“The task force is going to use the best available information so that we can focus our efforts narrowly on the most violent offenders. And once we’ve identified those violent offenders, the task force will use every available statutory tool to dismantle violent groups here in Polk County,” Handberg said.

“The federal charges in the Hanson and Mobley cases are a perfect example of what you can expect to see in terms of the close coordination and teamwork and what those efforts will yield. You should expect to see methodical investigations resulting in timely charges that will serve to protect the community, promote public safety, reduce violent crime, do justice for the victims and hold perpetrators accountable for their crimes.”

The victims all survived, although a 22-year-old and a 29-year old remain hospitalized, one at Lakeland Regional Medical Center and the other at Tampa General Hospital.  One was shot in the stomach and the other was shot in the jaw.

Crime scene technicians recovered shell casings from three different types of weapons – 9-millimeter and 5.56 millimeter and a .40 caliber. Lakeland Police recovered the blue Altima the day after the shooting when a citizen spotted it and called police.

The U.S. Attorney’s Office said evidence includes DNA collected from some of those shell casings, as well as from the Altima. Mobley’s DNA was recovered from a .40 caliber spent shell casing and the Altima. Hanson’s DNA was recovered from two spent 9-millimeter shell casings. Officers also subsequently seized a loaded, 9-millimeter handgun from Hanson’s home.

While the city, county and federal agency’s top law enforcement officers formed a gang task force, Taylor told LkldNow that the Jan. 30 shooting was more about drugs and money owed.

“A lot of times, these drug dealers will front the dope and say, ‘When you sell it, you’ll have the money to pay me back,’” Taylor explained.  “(Greene) dispatched people to shoot up a neighborhood to say, ‘Hey, pay me my money.’”

The task force was formed because of a huge spike in drive-by shootings. According to a list provided by the Polk County Sheriff’s Office, in 2017, there were two drive by shootings in the entire county. In 2020, the amount spiked to 49, with 20 of those in Lakeland alone. Last year, there were 59, with 24 in Lakeland.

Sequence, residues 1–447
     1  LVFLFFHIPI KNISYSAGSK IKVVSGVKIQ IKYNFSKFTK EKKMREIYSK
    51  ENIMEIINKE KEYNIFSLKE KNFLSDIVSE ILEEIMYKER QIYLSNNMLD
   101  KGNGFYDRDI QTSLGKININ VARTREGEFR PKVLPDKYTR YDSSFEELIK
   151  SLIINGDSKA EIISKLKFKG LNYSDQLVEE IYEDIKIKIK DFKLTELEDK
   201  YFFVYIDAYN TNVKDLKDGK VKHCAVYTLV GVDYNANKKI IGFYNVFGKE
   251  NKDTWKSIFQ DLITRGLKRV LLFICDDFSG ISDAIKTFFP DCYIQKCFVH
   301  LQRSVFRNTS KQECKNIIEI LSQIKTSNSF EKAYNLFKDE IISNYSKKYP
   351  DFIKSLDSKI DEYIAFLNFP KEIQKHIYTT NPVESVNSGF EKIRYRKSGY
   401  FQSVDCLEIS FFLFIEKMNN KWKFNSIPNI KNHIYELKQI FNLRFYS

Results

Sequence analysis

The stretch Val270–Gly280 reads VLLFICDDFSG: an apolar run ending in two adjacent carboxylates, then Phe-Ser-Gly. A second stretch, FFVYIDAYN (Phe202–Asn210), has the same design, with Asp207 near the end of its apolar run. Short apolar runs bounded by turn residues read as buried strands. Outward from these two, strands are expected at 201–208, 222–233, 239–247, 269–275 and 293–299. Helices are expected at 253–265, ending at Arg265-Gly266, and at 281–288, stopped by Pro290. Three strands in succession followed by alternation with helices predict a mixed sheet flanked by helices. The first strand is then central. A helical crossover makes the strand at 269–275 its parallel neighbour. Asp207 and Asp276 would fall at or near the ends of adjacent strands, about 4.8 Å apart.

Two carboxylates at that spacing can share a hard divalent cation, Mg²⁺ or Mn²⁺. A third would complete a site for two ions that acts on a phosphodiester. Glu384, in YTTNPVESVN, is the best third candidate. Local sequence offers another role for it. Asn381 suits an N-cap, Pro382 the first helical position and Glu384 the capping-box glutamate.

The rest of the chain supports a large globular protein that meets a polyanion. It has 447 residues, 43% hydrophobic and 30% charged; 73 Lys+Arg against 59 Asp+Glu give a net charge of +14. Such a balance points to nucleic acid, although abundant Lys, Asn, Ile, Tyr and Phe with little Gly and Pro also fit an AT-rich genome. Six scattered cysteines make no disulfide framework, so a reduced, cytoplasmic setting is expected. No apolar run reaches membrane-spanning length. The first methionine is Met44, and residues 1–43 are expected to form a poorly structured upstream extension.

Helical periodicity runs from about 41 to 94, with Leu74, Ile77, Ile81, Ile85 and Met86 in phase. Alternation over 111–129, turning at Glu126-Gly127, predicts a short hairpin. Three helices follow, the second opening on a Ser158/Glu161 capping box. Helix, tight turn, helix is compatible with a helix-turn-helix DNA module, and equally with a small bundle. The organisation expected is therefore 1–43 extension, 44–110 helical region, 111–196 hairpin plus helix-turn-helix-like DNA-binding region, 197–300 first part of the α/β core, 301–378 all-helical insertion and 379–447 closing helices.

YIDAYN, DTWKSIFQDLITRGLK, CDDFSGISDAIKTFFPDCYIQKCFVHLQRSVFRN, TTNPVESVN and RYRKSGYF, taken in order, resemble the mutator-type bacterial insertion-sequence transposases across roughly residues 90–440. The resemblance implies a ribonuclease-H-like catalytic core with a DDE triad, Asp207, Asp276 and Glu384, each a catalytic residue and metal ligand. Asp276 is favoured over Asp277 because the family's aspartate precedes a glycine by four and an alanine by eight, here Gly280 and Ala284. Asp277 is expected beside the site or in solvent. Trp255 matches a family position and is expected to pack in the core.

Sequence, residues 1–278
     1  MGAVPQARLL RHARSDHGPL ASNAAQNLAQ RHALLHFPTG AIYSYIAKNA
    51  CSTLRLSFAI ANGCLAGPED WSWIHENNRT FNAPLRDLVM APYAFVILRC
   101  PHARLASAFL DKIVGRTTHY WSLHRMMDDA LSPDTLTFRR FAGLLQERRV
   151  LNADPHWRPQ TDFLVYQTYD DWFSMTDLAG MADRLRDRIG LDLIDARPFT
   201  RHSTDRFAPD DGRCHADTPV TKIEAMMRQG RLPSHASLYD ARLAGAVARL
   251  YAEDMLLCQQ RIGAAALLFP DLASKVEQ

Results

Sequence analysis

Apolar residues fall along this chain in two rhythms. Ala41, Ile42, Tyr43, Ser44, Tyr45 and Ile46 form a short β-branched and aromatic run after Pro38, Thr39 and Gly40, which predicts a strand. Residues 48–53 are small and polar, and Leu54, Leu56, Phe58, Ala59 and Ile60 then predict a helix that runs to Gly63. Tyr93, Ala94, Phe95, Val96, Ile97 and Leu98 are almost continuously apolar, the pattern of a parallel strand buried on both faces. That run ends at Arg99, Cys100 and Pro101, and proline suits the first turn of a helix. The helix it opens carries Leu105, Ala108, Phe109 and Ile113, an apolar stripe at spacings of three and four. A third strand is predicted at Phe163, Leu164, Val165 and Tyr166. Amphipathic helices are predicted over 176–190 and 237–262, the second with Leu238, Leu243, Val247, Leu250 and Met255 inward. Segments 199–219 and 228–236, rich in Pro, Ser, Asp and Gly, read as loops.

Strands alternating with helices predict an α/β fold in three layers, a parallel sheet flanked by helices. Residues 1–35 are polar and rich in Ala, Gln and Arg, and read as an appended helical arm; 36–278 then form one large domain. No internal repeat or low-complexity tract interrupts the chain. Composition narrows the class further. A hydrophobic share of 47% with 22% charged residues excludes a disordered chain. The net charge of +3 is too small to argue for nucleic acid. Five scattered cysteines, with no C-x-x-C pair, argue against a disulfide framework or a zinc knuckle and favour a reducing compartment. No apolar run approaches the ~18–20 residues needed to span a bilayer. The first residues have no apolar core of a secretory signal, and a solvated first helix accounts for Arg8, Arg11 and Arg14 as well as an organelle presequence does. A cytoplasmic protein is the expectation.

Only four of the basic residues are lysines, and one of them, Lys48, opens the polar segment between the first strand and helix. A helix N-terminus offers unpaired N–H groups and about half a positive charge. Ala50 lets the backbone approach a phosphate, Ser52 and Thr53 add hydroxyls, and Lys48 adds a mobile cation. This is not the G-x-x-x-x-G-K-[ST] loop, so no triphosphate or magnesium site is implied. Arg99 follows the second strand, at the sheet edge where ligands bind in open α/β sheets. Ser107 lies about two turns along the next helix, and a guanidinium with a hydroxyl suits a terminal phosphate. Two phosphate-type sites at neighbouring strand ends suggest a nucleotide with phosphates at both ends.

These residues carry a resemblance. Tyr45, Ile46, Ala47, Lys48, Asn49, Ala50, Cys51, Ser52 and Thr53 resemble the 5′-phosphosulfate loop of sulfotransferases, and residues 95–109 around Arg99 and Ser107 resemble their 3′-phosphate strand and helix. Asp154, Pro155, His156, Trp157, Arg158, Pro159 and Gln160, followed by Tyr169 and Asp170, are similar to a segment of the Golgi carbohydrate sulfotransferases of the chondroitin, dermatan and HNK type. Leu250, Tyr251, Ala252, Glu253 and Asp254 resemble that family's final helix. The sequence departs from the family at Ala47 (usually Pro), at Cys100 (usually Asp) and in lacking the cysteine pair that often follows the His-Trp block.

Judd said detectives are investigating these drive-bys and plan to make more arrests under federal racketeering charges.

“There are people that are going to watch your news program and think, ‘Well, I got away with this in the past.’ Oh, maybe you didn’t,” Judd said. “Because racketeering takes in past criminal conduct. And we have all of you that are involved in this under investigation right now. So, pack up your bags. Get your favorite pillow. We’re going to put you in jail. We’re not going to have this.”

Judd, who formed his own gang task force last year, said the new task force is the first time that every law enforcement agency in Polk County, along with state and federal agencies, are fully cooperating. Lakeland Police had chosen last year not to join Judd’s task force.

“If this doesn’t send a message to criminals, those of you who want to do drive-by shootings, we’re coming after you,” Judd said. “You’re not going to shoot up our community, the hard working people, whether it be in a city like mine, or any of these other cities in the unincorporated areas, deserve to be safe, and they are safe.”

Judd said crime, per capita, is at an all-time low, but he pointed out that innocent people are being shot, including three juveniles asleep in their beds in Lake Wales.

Lakeland Police had a Gang Task Force, but because of a perceived drop in gang activity, it was renamed in 2020  as the Community Engagement Task Force.

“We thought that was more appropriate since the gang shootings had really died off and we still wanted to keep the task force together so we just repurposed it,” Taylor said. “I think anybody that has this job takes these incidents very seriously. If these folks that were involved in these shootings wanted our attention, they’ve got our attention.”